By Jack Forehand (@practicalquant) —
Factor Investing has proven itself over long periods of time. But there is a price that has to be paid for its outperformance. The individual factors such as value, momentum and quality all can have extended periods where they underperform the market.
One way to smooth out the returns from the individual factors is to use them together in a multi-factor portfolio. When constructed properly, multi-factor portfolios can produce comparable returns to the individual factors but do so with less risk. However, the process of combining the factors is much easier in theory than it is in practice. Building multi-factor portfolios is a challenging process and if it isn’t done properly, you can easily dilute all the individual factors and end up with factor exposures that aren’t very different from the market as a whole.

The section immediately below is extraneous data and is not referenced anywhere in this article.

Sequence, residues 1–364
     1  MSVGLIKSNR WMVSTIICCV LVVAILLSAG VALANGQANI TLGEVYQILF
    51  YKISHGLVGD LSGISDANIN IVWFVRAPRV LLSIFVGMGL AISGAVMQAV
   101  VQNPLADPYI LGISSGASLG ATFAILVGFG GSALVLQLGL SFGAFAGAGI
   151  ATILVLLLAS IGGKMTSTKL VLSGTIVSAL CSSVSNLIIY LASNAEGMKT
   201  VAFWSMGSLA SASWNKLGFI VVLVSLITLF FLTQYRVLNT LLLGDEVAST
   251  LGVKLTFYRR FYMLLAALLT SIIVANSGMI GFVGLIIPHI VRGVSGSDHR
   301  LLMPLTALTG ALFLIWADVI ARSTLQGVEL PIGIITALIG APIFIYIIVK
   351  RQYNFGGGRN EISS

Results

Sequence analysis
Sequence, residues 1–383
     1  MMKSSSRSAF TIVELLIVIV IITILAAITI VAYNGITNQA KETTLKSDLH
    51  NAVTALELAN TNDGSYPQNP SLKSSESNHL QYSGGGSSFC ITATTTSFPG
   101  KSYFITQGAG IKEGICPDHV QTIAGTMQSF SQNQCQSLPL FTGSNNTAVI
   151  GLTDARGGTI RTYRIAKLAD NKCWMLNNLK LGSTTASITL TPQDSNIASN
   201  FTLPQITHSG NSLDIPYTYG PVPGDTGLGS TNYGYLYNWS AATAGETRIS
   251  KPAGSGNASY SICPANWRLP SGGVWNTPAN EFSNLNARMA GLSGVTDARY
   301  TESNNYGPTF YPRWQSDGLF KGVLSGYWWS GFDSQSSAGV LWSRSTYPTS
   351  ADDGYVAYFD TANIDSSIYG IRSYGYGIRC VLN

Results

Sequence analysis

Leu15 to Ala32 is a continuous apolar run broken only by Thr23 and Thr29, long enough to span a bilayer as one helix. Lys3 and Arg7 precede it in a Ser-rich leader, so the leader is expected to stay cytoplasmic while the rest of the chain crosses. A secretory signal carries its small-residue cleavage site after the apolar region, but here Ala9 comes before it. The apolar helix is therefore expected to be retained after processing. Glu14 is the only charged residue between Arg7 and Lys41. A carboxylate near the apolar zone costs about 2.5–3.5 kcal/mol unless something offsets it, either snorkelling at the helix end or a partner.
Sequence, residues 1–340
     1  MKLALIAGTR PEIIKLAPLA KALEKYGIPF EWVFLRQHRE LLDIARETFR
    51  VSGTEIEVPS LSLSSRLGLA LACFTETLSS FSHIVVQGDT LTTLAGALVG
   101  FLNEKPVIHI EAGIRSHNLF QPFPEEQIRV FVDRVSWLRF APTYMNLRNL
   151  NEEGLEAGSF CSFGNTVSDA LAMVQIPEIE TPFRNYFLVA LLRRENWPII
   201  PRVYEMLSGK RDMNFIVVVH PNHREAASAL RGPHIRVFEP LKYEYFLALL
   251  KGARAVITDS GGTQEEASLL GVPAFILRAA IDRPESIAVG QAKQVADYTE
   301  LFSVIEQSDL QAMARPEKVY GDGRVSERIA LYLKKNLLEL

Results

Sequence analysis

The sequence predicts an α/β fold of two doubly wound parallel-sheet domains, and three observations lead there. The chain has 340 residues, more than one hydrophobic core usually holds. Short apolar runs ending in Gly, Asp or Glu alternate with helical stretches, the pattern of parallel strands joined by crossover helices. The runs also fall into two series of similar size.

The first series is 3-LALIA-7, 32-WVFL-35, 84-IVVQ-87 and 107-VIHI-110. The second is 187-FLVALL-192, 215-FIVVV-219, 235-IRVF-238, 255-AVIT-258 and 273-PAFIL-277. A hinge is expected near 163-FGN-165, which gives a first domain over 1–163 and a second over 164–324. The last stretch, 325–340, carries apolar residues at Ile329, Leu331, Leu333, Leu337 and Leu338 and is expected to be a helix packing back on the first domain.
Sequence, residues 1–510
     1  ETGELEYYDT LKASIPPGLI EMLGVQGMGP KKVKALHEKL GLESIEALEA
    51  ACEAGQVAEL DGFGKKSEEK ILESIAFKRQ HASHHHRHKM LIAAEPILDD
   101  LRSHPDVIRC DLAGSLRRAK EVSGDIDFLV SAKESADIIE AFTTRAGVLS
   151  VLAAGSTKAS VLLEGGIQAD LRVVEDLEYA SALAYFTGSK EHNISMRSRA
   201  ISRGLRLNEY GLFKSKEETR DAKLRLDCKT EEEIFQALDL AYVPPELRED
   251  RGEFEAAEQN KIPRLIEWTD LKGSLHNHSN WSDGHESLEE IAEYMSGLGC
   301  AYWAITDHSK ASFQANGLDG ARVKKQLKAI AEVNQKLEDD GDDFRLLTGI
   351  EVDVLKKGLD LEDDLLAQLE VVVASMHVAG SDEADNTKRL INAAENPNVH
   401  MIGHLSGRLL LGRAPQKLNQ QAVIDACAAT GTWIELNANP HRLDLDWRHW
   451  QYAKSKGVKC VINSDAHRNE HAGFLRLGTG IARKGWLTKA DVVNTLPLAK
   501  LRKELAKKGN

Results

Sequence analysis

For this week’s interview, we are going to take in depth look at the process of building multi-factor portfolios. My guest is Liqian Ren, the Director of Modern Alpha at WisdomTree. Prior to working at WisdomTree, she worked in Vanguard’s Quantitative Equity Group and managed their newly launched factor funds. She received her MBA and Ph.D. in Economics from the University of Chicago Booth School of Business.
WisdomTree’s suite of multi-factor funds include access to U.S., emerging markets and international equities. These funds each take one of the more interesting approaches to multi-factor investing I have seen. In this interview, we will break down the process of building multi-factor strategies and some of the challenges it presents.
Jack: Thank you for taking the time to talk to us, and congratulations on the new position at WisdomTree.